After a hiatus that felt like forever, Breaking Bad is back to kick our ass. Last season’s finale, “Full Measure,” left us pulling our hair out over whether a weepy Jesse shot Gale – or of that last second camera shift had Jesse firing over Gale’s shoulder in hesitation. More happened in the season four premiere, the gruesomely titled “Box Cutter,” than just the reveal of Gale’s execution. In true Breaking Bad fashion, creator Vince Gilligan and his crew delivered a suspenseful and darkly hilarious episode that began with a shocker of a flashback. We also got see Walter resort to his sniveling, bombastic Mr. White persona as Skyler continues to “break bad” even further. And poor Jesse’s now lost any shred of innocence he may have had left. It’s been a long time coming for this episode and they knocked it out the park, into the parking lot, and right through the windshield of your Pontiac Aztec.
There was never a moment where Gale wasn’t an interesting and baffling character. He came off as even more of a black sheep in the drug world than Walt did in the initial episodes. He possessed a unwavering gusto for the nooks and crannies of chemistry, but what was this tea-sipping pacifist who spends his free time tending his plans while listening to Italian quartets from the ’40s doing cooking meth for Gus? He’s always been an enigma and now he’s a dead enigma. In the episode’s insightful flashback, we see Gale joyously opening the crates of equipment for the Meth Cave (with a bright green foreshadow of a box cutter). Almost in awe, he tells Gus how pure the “competition’s” sample is: 99 percent compared to the 96 Gale can cook up. His integrity as a chemist defeats his apprehensive to step out of line in front of the boss, however, and he implores Gus to try to employ the competition. There it is. The seed that would draw Gus to Heisenberg and eventually bury Gale.
Jumping forward to the present and Gale’s apartment, wee see that Jesse’s bullet went through Gale’s head and into the teapot. Victor’s too late to prevent the shooting, but he catches Jesse, hollow and speechless, in his car outside. Later, in one brilliant moment of foreshadowing, a forensics team doing CSI stuff in Gale’s apartment, and the camera pans to the lightning bolt “Lab Notes” folder sitting on Gale’s table. That damning piece of evidence hopefully does not contain the address of the Meth Cave or mention Walt’s name. Unless you’re rooting for the DEA, then I hope it does, jerk.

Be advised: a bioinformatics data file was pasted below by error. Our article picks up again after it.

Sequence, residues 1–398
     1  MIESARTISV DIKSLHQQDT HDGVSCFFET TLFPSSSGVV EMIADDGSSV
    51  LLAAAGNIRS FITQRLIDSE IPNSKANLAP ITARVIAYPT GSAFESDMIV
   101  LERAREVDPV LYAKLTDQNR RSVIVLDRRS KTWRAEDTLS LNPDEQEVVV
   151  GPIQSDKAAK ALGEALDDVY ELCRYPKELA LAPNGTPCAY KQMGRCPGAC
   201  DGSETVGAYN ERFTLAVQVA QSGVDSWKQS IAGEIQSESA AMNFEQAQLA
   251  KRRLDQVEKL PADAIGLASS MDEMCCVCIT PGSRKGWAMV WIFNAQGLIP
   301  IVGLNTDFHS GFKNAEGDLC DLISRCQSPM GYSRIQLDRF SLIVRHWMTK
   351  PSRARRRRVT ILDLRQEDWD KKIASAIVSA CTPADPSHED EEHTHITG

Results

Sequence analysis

Back at the Meth Cave, Walt and Jesse get their bittersweet reunion. Walt is relieved Jesse is alive and Gale is dead. Jesse, who doesn’t speak until he gets some Denny’s in him, which is nearly the entire episode, can’t even look at Walt. His hands are too dirty, he’s retired his wigger cap, and I’m sure he resents Walt for dragging him back into Gus’s lap. Aaron Paul is brilliant as Jesse. We all know that. This is looking like the darkest season yet for Jesse and Paul’s going to really shine, I bet. The unhealthy, polar sides of him were on display in this episode: the dormant emotionless sinner to the collected drug dealer, cracking jokes, eating pancakes, and rearing to work. Going from those two extremes in one day shows a sickly mental state on the border of collapsing. Hang on tight, Jesse.
“Well, get back to work.” After his chat with Gale in the flashback these are the only words spoken by Gus for the rest of the episode. His actions, however, spoke volumes about his approach to management. Once Gus entered the room, the suspense was almost unbearable. From his slow walk and methodologically precise manner of undressing/dressing to slitting Victor’s throat, every second of Gus on screen was an eternity. Even weathered Mike was shook. During the show’s break, Vince Gilligan stated that Jesse did indeed shoot Gale, so all that was left to know was what Gus was going to do about it. I think him dropping Victor had more to do him putting the fear of god into Walt, Jesse, and even Mike than it did with Victor being seen at Gale’s apartment after the murder or him defiantly starting a cook without permission. And Gus is damn sure that Walt and Jesse don’t miss a second of Victor’s brutal death.
When Jesse does speak, it’s a nice nod to the disposal of Emilio’s body from season one. While he’s convinced that Gus now needs them to cook, Walt, after watching Victor drain out at his feet, believes Gus is going to take them out at the first opportunity. The two will have to collude more than ever now, so it’s good that they picked up some matching Kenny Rogers shirts from Target. Walt’s whole getup when he goes back home was hilarious; from the red Chuck Taylor knock-offs to the white jeans to his need for a belt. His walk to the Aztec might be more embarrassing than Skyler’s walk from it in her robe.
IN BRIEF: Skyler continues to break her bad. She uses baby Holly as a tool to sucker the locksmith into letting her into Walt’s condo, which is bare bones empty besides the teddy bear eyeball in a kitchen drawer. Hank is only in the episode for a few minutes, but it’s enough to show how crippling his misery is. At least he’s found in a new hobby in collecting cheap minerals. After Mike showed his true colors to our favorite slimy lawyer Saul in the season three finale, Saul is now a full-blown paranoid – The Conversation style.
This article originally appeared on the Mishka Bloglin.